Los Angeles Superior Court Judge Mark A. Young has tentatively dismissed the last of the cases brought by choreographer Wade Robson against the Estate of Michael Jackson. A final ruling will come after a hearing on April 26th. Robson’s cases against Jackson, his Estate and companies were based on an out of left field claim that he’d been sexually harassed and abused by Jackson when he was a child. But Robson had testified in Jackson’s defense in his 2005 child molestation trial and continued to sing his praises after he died. It was only in 2013 when Robson had been rejected by the Estate to do work on Jackson projects that he made the claims. The claims then became the basis of the film Leaving Neverland. Robson was joined in his lawsuit by James Safechuck, who also made the sexual molestation claims, appeared in the documentary, and so on. His case was dismissed last year. Keep reading for some points from the case. But as you read through the judge’s decision, you’ll see the words “no triable issue.” The case has been essentially tossed.
Janet Jackson’s socially conscious album Rhythm Nation 1814 is among 25 recordings being inducted to the National Recording Registry. Librarian of Congress Carla Hayden said they received about 900 public nominations this year for recordings to add to the registry. “The National Recording Registry will preserve our history through these vibrant recordings of music and voices that have reflected our humanity and shaped our culture from the past 143 years,” Hayden said in a statement. According to the New York Times, Janet's album received the most votes in the public nominating process. “Rhythm Nation 1814,” which racked up a then-record seven top five singles including such chart-toppers as “Escapade,” “Miss You Much,” and “Love Will Never Do (Without You),” was produced by Jimmy Jam and Terry Lewis and recorded in the Twin Cities at Jam & Lewis’s Flyte Tyme Studios in Edina. Rhythm Nation 1814 has been certified as six-time platinum by the RIAA. The library selects titles for preservation because of their cultural and historic importance to the American soundscape. The titles have to be at least 10 years old.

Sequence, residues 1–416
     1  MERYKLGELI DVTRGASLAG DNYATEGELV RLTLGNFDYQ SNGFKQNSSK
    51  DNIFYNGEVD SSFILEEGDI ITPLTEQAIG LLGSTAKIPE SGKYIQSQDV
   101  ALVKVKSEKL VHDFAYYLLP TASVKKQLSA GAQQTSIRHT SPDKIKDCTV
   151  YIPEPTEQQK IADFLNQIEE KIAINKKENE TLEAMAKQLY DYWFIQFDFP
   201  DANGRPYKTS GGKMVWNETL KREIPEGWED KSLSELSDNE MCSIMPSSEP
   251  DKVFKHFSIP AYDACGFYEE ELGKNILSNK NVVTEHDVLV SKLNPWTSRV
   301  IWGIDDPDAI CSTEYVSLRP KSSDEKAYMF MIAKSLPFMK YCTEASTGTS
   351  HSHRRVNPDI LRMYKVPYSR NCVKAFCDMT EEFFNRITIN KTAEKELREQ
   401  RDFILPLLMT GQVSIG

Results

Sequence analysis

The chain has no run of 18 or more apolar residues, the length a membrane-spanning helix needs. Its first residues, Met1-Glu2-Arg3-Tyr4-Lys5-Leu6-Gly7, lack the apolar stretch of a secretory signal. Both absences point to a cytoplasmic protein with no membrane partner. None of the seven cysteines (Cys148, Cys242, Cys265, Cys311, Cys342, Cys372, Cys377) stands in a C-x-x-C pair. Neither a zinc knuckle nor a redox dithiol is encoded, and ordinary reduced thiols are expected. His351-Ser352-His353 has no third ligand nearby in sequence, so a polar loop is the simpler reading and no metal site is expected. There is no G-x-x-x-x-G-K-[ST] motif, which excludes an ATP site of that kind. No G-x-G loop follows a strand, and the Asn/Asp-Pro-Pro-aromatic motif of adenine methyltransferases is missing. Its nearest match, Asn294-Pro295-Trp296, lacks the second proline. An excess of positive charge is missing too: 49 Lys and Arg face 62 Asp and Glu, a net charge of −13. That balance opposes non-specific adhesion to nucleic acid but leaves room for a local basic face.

Epic Records and Legacy Recordings, the catalog division of Sony Music Entertainment, announce the second wave of titles in The Jacksons definitive album project. Expanded digital editions (featuring bonus tracks) of the group’s last three Epic studio albums–Triumph (1980), Victory (1984) and 2300 Jackson Street (1989)–will be released Friday, April 30 and available for pre-order starting today. Each album comes with three ‘instant grat’ tracks when preordered.
As part of the project, an exciting new remix of “Can You Feel It” was created by producer/composer Greg Curtis (engineered by Jon Nettlesbey) and executive produced by John McClain:
Can You Feel It: The Jacksons X MLK Remix: Greg Curtis kicks off his production with a roaring drum line and bookends the mix with recordings from the late Martin Luther King’s acclaimed 1968 The Drum Major Instinct speech at the Ebenezer Baptist Church in Atlanta. Midway, excerpts from the great Barack Obama’s first inauguration speech inspire. The production is capped with King’s words, “Free at last, Free at last; Thank God Almighty, Free at last.” Listen here.
The Jackson’s definitive album project:
The expanded digital releases of Triumph, Victory and 2300 Jackson Street are available alongside The Jacksons (1976), Goin’ Places (1977) and Destiny (1978), released February 12. The six studio albums recorded by The Jacksons for Epic Records trace the group’s spectacular leap from their Jackson 5 boy band roots to their role as avatars of an R&B/pop revolution (1976-1989). Each title includes the original album in its entirety, bundled with additional bonus tracks and may be ordered here:
A 2LP 12″ vinyl edition of The Jacksons Live! (recorded during their 1981 North American Triumph Tour) will be released on Friday, March 26, and is available for pre-order here.